In the city, off the grid
Spiralling energy prices, concern for climate change and general dissatisfaction with energy retailers have led to growing interest in going off the electricity grid. Energy independence, a net-zero household and no bill surprises are certainly enticing, but how realistic is it for most of us?
In rural areas where the cost of connecting to the grid can reach as high as $100,000, supply is unreliable and solar feed-in-tariffs offer little relief, unplugging from the network is for some a no-brainer. But in our cities and regional towns it has, until now, been a different story.
It can be a challenge to install enough rooftop solar PV capacity to fully supply the average household. Damien Moyse, policy and research manager with the Alternative Technology Association (publisher of Sanctuary), says the average house could need between 6 and 10 kW of panels to allow for the not so sunny days. The biggest barrier to year-round sun-powered energy remains the issue of storage. The frustrating mismatch between the sunniest part of the day/year and peak energy demand hours has meant disconnecting from the grid is not an option for most people.
Battery storage of solar energy is a way around this problem, but high technology costs have prevented all but the most adventurous of early adopters from installing battery banks in urban homes.
“We need the cost to come down probably by around 50 per cent for there to be a critical mass for large numbers of people to go off-grid,” Damien says. A 2014 Alternative Technology Association (ATA) report, What Happens When We Unplug? suggests this could happen by 2020, at which point the transition could be “quick and dramatic”.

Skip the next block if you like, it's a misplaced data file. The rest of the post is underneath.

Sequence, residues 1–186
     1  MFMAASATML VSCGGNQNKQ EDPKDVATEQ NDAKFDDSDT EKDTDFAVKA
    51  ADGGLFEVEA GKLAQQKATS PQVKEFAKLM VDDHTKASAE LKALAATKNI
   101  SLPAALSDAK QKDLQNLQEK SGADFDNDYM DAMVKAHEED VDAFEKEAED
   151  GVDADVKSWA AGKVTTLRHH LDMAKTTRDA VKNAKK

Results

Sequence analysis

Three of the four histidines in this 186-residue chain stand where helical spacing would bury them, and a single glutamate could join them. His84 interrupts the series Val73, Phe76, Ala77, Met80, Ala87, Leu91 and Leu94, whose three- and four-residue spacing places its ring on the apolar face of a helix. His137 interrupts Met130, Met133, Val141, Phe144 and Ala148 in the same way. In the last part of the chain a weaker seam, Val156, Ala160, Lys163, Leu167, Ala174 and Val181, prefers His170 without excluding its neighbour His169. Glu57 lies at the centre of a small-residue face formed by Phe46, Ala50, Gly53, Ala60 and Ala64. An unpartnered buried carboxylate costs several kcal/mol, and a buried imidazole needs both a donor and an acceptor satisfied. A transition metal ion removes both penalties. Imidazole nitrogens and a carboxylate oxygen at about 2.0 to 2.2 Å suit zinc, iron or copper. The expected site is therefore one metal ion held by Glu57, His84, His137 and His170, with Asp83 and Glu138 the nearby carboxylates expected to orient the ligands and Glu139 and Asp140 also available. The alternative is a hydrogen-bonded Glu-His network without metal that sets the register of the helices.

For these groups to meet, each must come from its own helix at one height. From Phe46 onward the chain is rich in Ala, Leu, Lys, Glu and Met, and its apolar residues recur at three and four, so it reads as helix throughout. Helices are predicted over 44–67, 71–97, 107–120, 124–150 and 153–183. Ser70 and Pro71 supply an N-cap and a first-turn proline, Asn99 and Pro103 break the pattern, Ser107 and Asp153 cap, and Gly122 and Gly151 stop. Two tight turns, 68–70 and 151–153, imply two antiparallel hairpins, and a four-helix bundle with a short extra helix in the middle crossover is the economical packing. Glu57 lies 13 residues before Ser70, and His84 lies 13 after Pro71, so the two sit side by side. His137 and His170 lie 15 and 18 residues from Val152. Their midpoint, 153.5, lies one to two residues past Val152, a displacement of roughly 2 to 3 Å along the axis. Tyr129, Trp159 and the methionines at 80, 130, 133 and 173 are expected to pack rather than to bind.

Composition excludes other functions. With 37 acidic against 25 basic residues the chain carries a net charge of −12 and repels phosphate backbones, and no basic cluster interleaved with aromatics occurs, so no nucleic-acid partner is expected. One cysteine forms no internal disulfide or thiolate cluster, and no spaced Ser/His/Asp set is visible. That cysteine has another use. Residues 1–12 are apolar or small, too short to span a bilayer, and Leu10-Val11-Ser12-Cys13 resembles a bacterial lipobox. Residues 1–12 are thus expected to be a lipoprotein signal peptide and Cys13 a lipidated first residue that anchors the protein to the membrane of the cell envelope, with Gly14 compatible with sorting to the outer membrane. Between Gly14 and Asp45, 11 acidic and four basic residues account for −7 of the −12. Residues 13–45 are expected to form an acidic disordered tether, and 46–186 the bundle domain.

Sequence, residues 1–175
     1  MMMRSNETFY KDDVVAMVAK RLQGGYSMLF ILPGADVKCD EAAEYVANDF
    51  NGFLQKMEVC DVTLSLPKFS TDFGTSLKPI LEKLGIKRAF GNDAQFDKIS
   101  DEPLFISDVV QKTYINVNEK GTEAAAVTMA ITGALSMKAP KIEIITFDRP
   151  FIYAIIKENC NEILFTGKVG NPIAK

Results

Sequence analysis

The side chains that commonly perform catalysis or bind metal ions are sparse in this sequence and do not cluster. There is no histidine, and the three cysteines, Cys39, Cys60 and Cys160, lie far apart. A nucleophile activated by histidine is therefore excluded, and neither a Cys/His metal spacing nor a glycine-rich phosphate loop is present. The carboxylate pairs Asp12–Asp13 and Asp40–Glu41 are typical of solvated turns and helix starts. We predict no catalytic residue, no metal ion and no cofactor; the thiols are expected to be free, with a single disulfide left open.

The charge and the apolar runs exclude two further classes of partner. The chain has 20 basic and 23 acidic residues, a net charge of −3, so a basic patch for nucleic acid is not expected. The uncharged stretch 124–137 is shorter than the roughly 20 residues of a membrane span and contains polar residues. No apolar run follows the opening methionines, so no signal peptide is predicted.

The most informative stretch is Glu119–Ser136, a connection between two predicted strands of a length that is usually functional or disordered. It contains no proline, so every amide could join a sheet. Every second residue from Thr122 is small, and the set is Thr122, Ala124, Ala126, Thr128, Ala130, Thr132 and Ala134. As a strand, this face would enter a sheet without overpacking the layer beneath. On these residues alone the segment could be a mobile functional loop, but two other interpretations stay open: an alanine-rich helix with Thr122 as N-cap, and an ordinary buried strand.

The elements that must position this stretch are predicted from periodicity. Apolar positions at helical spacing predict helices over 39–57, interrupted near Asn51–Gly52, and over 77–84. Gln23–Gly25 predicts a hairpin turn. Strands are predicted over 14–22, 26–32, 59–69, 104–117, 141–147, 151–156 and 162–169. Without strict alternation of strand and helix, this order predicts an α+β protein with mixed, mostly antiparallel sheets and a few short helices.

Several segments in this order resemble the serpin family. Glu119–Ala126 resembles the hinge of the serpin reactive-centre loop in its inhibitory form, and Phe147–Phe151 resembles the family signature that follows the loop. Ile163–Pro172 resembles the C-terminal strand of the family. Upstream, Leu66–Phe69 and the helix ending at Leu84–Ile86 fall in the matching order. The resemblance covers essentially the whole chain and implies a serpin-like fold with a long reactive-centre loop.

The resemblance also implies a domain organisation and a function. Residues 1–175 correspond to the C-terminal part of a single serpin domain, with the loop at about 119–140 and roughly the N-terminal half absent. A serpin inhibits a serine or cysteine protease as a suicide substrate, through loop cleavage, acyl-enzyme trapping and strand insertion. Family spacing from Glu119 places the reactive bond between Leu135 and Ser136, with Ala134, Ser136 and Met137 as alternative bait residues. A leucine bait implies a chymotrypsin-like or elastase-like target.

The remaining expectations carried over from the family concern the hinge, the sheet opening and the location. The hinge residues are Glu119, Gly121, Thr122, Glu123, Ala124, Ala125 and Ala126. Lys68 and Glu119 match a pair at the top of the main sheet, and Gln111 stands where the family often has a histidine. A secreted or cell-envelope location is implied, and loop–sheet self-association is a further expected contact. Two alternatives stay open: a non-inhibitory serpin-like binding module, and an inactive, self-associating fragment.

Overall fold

Interest in off-grid technology is growing. While most of it has not yet translated into action, some are venturing boldly into the unknown. Guy Stewart, the director of Australian solar company Rainbow Power, says public enquiries about battery storage and off-grid set-ups have become their most common.
“Stand-alone power systems were previously a rural client base, but now people are getting a taste of grid-connected solar and they want to know what steps they can take to make use of all the power they are producing or to get off the grid completely,” he says. For many, the next step would be ‘single-day autonomy’, where modest battery storage would allow users to shift solar energy consumption to peak usage times at the start and end of the day, but remain connected to the grid. While few are actually taking it to the next level, Guy says it is only a matter of time. “It’s clear that it is going to happen and people are organising themselves so they are ready.”
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